Sunday, 26 September 2010

Brunanburh - where was it fought?

Fought in 937ad between King Athelstan of Wessex's possible army of 16,000 Wessex/Mercian army against an alliance of perhaps 18,000 of Celts and Norsemen (suggests Burne) who were resentful at being subdued and overawed by that English king, comprised of:-
  • Scots (under King Constantine); 
  • Strathclyde 'Britons' (under King Owain); 
  • Norse-Irish (under King Olaf Guthfrithsson)
and possibly men from-
  • The Orkneys?
  • Northumbria/Cumbria?
  • Jorvik (Norsemen)?
  • Wales or Cornwall?
The location of this colossal bloodbath has never been agreed upon by archaeologists, scholars or professional historians (or amateur ones!) and no evidence has been found.

Two main schools of thought (if we accept the battlesite being in the probable region along the Danelaw/Mercian region - today's Liverpool to Hull?) usually divide themselves on the issue of where the Norse and Scottish fleet/army landed - 

The West coast landing (Mersey area);
For-This coast was the nearest to the Irish Sea from Dublin and would make for a mercifully short sea voyage during late campaigning season.
Against-This coast was too near the strategic fortress burhs that Edward and Aethelflaed had had recently built on the northern-most Mercian border in the late 910's and early 920's.

The East coast landing (The Humber);
For-The Humber was a traditional point of entry for ambitious or raiding viking warlords sailing from Scandinavia- or Ireland.
The age-old route for foreign traders with the major economic city of Jorvik (York)
Against-A huge detour around the north of Scotland for seabound vikings invading from Ireland.

From here the Hiberno-Norse armies presumably linked up and proceeded to raid across the Danelaw boundary, then known to be in the region of today's Doncaster and Sheffield.
Various sites for the battle proposed over the years so far have ranged from possibly 'Burnswark' (S.E of Lockerbie), to Bromborough/Bebington on Merseyside. Others have suggested Bridgenorth, the SW of England or the Lancashire coast and even Scotland!

However, according to David Smurthwaite:-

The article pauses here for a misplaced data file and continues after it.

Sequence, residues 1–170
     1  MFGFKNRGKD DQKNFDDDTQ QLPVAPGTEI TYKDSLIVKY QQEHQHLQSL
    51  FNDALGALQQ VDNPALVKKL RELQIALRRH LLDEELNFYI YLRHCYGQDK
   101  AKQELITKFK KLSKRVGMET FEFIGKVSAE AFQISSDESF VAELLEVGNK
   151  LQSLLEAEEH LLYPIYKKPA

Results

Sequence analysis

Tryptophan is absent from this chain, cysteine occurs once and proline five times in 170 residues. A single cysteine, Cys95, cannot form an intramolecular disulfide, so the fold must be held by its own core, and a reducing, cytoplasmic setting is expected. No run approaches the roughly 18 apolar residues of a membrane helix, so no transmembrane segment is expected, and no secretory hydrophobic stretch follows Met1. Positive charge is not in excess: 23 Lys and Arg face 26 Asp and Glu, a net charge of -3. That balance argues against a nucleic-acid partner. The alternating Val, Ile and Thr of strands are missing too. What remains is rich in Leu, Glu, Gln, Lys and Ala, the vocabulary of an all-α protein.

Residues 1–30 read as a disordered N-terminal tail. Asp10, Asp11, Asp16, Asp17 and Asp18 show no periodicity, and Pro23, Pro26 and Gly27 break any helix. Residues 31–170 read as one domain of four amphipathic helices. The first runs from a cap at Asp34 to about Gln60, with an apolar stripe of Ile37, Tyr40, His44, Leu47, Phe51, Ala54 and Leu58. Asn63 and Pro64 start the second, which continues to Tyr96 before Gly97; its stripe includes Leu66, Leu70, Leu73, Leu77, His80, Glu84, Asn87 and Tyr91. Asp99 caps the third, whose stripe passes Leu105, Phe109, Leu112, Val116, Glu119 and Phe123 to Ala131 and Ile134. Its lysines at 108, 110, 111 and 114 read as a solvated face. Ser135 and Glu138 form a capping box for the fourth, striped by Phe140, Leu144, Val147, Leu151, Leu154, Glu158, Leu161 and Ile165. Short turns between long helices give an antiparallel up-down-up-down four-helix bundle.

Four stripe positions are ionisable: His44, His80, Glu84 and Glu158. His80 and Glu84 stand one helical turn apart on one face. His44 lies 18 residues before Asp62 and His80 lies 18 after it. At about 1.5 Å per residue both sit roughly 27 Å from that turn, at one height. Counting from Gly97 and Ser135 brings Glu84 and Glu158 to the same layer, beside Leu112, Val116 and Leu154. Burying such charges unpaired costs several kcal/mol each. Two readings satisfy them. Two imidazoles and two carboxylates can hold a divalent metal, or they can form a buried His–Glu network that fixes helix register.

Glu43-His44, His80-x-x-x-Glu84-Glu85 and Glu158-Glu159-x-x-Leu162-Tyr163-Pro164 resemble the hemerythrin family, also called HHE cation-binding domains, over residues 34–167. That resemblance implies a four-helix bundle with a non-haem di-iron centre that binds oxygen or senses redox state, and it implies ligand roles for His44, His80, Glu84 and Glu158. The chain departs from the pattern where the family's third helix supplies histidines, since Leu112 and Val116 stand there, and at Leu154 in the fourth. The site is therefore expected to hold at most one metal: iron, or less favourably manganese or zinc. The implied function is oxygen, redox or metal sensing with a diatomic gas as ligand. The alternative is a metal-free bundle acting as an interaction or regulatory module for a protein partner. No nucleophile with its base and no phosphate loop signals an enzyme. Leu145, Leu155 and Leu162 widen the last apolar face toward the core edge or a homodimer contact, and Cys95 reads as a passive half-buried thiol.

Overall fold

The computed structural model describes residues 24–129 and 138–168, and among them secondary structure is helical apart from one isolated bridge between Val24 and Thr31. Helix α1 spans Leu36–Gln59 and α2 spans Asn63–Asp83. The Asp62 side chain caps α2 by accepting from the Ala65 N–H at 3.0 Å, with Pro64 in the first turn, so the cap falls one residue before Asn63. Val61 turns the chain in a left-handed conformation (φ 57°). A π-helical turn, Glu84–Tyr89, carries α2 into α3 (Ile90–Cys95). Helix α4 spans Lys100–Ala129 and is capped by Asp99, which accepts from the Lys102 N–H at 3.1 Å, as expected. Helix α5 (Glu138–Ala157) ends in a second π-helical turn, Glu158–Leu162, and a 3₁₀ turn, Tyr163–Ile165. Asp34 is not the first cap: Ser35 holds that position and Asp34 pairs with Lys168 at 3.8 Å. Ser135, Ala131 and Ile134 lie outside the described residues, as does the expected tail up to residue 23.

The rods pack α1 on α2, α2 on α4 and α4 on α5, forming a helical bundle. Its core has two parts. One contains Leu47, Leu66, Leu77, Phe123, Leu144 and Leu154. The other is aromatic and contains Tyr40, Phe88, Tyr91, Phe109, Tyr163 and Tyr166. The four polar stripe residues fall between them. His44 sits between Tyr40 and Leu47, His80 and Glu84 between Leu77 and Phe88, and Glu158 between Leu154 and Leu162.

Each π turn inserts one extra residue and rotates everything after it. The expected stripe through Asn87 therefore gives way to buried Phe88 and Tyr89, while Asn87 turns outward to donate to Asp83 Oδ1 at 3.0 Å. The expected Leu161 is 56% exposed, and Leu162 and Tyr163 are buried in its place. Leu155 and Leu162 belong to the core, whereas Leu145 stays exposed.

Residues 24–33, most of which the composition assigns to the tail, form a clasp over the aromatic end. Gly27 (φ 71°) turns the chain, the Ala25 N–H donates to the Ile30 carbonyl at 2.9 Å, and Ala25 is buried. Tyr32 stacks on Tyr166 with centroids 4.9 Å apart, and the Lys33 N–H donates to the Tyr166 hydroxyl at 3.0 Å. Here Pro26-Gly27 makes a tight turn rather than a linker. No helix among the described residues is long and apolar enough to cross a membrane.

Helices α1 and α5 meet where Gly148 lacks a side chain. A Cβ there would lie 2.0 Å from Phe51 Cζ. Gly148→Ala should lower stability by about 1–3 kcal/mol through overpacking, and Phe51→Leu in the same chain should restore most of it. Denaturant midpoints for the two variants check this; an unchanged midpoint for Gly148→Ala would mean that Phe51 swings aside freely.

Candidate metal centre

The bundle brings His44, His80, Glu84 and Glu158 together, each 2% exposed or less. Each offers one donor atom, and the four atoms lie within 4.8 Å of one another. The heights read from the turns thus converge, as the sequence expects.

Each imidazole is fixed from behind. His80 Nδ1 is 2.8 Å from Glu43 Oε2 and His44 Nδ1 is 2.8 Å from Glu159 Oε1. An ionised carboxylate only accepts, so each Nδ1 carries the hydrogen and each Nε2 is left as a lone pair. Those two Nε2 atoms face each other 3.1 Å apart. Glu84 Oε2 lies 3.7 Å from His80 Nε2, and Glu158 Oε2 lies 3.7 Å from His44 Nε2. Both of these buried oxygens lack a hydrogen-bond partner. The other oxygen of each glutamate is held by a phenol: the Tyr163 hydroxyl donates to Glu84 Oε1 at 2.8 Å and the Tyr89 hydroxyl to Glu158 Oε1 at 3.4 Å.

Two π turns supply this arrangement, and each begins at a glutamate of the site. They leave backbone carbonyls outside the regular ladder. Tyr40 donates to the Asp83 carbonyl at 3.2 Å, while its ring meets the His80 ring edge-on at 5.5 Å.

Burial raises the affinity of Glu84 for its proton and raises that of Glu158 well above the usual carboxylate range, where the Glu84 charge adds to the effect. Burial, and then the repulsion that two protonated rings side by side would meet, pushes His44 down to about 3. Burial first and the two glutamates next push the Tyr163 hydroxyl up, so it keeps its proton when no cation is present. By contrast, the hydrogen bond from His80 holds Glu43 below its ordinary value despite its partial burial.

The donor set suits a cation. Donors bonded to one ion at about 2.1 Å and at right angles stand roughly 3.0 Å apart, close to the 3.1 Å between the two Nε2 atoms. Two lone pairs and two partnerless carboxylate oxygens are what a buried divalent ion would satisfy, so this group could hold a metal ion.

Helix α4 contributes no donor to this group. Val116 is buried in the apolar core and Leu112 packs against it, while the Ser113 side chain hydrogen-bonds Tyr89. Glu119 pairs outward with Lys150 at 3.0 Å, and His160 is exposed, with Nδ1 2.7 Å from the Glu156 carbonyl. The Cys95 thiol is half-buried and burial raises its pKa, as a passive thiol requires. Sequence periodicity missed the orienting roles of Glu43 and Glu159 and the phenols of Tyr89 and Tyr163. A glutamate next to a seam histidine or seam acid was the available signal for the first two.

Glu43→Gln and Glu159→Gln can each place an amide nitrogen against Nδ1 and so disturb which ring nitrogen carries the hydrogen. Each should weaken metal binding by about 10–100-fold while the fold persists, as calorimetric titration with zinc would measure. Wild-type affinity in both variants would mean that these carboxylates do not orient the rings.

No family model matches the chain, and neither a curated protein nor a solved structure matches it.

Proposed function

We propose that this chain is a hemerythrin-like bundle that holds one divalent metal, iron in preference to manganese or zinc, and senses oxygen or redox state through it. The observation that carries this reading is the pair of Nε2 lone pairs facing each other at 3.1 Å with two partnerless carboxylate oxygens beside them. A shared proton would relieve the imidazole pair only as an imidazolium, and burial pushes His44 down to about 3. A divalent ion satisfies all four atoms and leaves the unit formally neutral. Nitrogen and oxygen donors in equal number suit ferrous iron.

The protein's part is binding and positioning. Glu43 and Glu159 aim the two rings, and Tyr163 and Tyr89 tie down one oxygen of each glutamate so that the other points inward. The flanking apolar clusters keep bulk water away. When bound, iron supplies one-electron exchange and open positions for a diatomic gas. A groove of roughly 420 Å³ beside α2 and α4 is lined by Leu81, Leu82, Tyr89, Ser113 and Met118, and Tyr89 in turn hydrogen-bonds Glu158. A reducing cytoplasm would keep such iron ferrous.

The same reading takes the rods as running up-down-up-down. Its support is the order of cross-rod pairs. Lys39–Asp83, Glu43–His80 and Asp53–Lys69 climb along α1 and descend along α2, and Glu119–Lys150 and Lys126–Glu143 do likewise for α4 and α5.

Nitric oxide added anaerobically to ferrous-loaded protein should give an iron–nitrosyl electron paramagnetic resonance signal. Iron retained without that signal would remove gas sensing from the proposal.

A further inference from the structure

‘it seems inconceivable that the battle was fought north of the border, particularly if we accept that Olaf landed on the Humber.’

This may rule out any proposed sites more northerly than that river, as why would Olaf march NORTH to link up with his allies (Constantine heading south from 'Scotland' and Owain from Strathclyde) and march back in a southerly direction against Athelstan's advancing army- his northern-most boundary being around the Rotherham region- and where his father had recieved the submission of such foes only years before?).

And it was known that the allies did not penetrate deeply into Mercia, if at all.

Michael Wood, in his book 'In Search of England', makes the case for Brinsworth/Catcliffe, between Sheffield & Rotherham, where local legend mentions a 'Scots army' that camped on Templeborough (an old local Roman fort).;-

"...In the third part of In Search of England, Wood writes about places that illuminate interesting aspects of early England: Tinsley Wood, near Sheffield, which has been claimed as the site of Athelstan's great victory against the Celts in 937; ... These are the places and events that offer a complementary version of the history that is discussed earlier in the book..."

AH Burne also suggests the mid-'England' site, near Sheffield, as the most likely Brunanburh battle-site. Assuming the alliance was to capture London, the old Roman 'great north road' of eastern Britain would be a natural path.

When John Porter in his ‘History of the Fylde of Lancashire’ recorded the find of hundreds of human bones on the River Wyre side at Burnaze between Thornton and Fleetwood, he mentioned that Burnaze was once called 'Brune'. With ancient maps also revealing the ‘Bergerode’ was also in this area.

Egil Skallagrimsson- an Icelandic poet/warrior in Athelstan's pay, who fought at the battle- states that the battlefield was described as having been fought on a heath between a large wood and a river, which must have been on the left of the battlefield from the point of view of Athelstan's army, the wood on their right, as they lined up against their foes.
Hence the site of the battle should ideally be sought on the east bank of a river that flows north/south or south/north on land belonging to the English. 

The alliance was faced by Athelstan and, after a titanic day-long (some sources mention 2 days) struggle, severely beaten and routed so severely that there is mention of the enemy being 'cut down' by English horsemen far from the field.